In the following days, black prisoners taken after the Limbé uprising give news of the meeting at Bois Cayman, but will not reveal the name of any delegate even under torture.

AUGUST 22: The great slave rising in the north begins, led by Boukman and Jeannot. Whites are killed with all sorts of rape and atrocity; the standard of an infant impaled on a bayonet is raised. The entire Plaine du Nord is set on fire. By the account of the Englishman Edwards, the ruins were still smoking by September 26. The mulattoes of the plain also rise, under the leadership of Candy.

There follows a war of extermination with unconscionable cruelties on both sides. Le Cap is covered with scaffolds on which captured blacks are tortured. There are many executions on the wheel. During the first two months of the revolt, two thousand whites are killed, one hundred eighty sugar plantations, and nine hundred smaller operations (coffee, indigo, cotton) are burnt, with twelve hundred families dispossessed. Ten thousand rebel slaves are supposed to have been killed.

During the initial six weeks of the slave revolt, Toussaint remains at Bréda, keeping order among the slaves there and showing no sign of any connection to the slave revolt.

In mid-August, news of the general rebellion in Saint Domingue reaches France. Atrocities against whites produce a backlash of sympathy for the colonial conservatives, and the colonial faction begins to lobby for the repeal of the May 15 decree.

SEPTEMBER 24: The National Assembly in France reverses itself again and passes the Decree of September 24, which revokes mulatto rights and once again hands the question of the “status of persons” over to colonial assemblies. This decree is declared “an unalterable article of the French Constitution.”

Late in the month, the Englishman Edwards arrives in Le Cap with emergency supplies from Jamaica, and is received as a savior with cries of “Vivent les Anglais.” Edwards hears much of the colonists’ hopes that England will take over the government of the colony.

OCTOBER: By this time, expeditions are beginning to set out from Le Cap against the blacks, but illness kills as many as the enemy, so the rebel slaves gain ground. The hill country is dotted with both white and black camps, surrounded by hanged men, or skulls on palings. The countryside is constantly under dispute, with the rebels increasingly in the ascendancy.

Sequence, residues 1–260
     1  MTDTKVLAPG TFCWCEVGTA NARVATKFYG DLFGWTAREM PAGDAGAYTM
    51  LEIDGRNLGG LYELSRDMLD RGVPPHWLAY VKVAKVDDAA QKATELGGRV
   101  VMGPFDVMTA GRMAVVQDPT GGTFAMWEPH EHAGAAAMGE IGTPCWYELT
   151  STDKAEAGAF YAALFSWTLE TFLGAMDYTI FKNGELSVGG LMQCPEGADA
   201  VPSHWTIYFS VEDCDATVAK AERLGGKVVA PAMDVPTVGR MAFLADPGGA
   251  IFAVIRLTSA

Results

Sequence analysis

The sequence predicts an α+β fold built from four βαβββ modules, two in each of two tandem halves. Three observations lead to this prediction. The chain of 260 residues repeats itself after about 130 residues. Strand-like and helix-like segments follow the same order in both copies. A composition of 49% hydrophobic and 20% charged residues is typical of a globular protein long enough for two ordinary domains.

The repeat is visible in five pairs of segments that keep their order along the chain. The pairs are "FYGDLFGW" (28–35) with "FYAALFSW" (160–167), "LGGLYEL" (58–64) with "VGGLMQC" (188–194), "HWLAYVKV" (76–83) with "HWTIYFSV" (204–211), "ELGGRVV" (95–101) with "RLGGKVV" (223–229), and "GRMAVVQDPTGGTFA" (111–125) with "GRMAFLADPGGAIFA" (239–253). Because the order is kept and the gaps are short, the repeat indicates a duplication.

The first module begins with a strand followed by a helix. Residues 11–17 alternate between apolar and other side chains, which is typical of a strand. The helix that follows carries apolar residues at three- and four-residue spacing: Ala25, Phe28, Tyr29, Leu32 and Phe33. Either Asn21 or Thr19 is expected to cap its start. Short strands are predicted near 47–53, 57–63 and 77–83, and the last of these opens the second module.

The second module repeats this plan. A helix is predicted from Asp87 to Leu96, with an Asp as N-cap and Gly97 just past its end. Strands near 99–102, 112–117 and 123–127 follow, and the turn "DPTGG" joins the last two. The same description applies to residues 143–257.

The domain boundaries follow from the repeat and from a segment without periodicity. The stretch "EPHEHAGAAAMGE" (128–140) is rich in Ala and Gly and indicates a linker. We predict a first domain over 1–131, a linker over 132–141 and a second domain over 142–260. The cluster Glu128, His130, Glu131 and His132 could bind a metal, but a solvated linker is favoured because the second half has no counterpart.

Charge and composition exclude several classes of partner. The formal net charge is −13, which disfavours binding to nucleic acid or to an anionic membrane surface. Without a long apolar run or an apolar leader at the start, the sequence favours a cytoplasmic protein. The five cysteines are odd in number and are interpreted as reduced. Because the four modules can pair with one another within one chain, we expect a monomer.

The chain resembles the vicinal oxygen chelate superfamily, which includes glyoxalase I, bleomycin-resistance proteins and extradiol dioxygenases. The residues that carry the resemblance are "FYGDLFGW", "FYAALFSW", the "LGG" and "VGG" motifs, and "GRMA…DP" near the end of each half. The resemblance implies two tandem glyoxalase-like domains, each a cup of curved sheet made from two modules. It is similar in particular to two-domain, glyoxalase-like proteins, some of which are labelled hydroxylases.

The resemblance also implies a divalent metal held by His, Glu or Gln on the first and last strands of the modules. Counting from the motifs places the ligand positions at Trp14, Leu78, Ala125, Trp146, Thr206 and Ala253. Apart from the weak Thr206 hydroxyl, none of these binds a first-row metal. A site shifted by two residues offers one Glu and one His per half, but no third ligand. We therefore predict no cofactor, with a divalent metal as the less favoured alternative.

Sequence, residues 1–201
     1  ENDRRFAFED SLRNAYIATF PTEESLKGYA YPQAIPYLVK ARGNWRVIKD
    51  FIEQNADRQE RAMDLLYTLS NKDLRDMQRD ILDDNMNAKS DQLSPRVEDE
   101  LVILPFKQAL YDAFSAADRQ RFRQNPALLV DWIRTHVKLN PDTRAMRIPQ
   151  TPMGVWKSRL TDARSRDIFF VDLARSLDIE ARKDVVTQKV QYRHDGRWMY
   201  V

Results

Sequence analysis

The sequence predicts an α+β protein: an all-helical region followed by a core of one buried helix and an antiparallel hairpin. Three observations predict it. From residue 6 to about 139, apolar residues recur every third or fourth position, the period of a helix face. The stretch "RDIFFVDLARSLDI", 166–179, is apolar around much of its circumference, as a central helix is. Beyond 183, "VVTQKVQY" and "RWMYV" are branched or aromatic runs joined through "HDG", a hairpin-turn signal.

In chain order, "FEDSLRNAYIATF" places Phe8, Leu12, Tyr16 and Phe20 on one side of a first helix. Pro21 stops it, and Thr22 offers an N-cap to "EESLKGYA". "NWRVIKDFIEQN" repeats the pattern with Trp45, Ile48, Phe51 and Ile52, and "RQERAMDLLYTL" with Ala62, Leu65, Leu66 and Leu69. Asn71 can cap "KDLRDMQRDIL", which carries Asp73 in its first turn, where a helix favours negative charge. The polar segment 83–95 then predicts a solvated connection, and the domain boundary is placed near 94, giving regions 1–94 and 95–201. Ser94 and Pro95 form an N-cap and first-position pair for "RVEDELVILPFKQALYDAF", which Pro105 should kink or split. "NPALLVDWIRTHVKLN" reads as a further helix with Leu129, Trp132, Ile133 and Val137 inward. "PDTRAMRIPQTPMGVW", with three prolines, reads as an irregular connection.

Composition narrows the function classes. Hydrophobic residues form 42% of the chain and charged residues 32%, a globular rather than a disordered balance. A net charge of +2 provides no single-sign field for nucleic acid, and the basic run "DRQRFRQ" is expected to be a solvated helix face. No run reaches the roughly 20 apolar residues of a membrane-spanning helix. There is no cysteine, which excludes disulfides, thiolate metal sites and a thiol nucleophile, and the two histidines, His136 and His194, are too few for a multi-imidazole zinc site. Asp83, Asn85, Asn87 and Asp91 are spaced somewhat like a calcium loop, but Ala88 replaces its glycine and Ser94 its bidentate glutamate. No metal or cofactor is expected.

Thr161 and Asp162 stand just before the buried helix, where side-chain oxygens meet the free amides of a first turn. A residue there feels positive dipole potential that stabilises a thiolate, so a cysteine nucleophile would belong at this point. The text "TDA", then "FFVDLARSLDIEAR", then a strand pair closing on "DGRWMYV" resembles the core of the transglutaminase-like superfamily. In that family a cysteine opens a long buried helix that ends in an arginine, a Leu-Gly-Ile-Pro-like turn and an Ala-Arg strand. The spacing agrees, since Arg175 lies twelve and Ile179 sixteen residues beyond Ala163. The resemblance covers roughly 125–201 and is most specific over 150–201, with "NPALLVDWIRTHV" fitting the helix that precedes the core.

In France this month, radicals in the French Assembly suggest that the slave insurrection is a trick organized by émigrés to create a royalist haven in Saint Domingue. The arrival of refugees from Saint Domingue in France over the next few months does little to change this position.

NOVEMBER: Early in the month, news of the decree of September 24 (repealing mulatto rights) arrives in Saint Domingue, confirming the suspicions of the mulattoes.

Toussaint arranges the departure of the family of Bayon de Libertat from Bréda, then rides to join the rebels, at Biassou’s camp on Grande Rivière. For the next few months he functions as the “general doctor” to the rebel slaves, carrying no other military rank, although he does organize special fortifications at Grand Boucan and La Tannerie. Jeannot, Jean-François and Biassou emerge as the principal leaders of the rebel slaves on the northern plain—all established in adjacent camps in the same area.

NOVEMBER 21: A massacre of mulattoes by petit blancs in Port-au-Prince begins over a referendum about the September 4 decree. Polling ends in a riot, followed by a battle. The mulatto troops are driven out, and part of the city is burned.

For the remainder of the fall, the mulattoes range around the western countryside, outdoing the slaves of the north in atrocity. They make white cockades from the ears of the slain, rip open pregnant women and force the husbands to eat the embryos, and throw infants to the hogs. In Port-au-Prince, the petit blancs are meanwhile conducting a version of the French Terror. The city remains under siege by the mulatto forces through December. As at Le Cap, the occupants answer the atrocities of the besiegers with their own, with the mob frequently breaking into the jails to murder mulatto prisoners.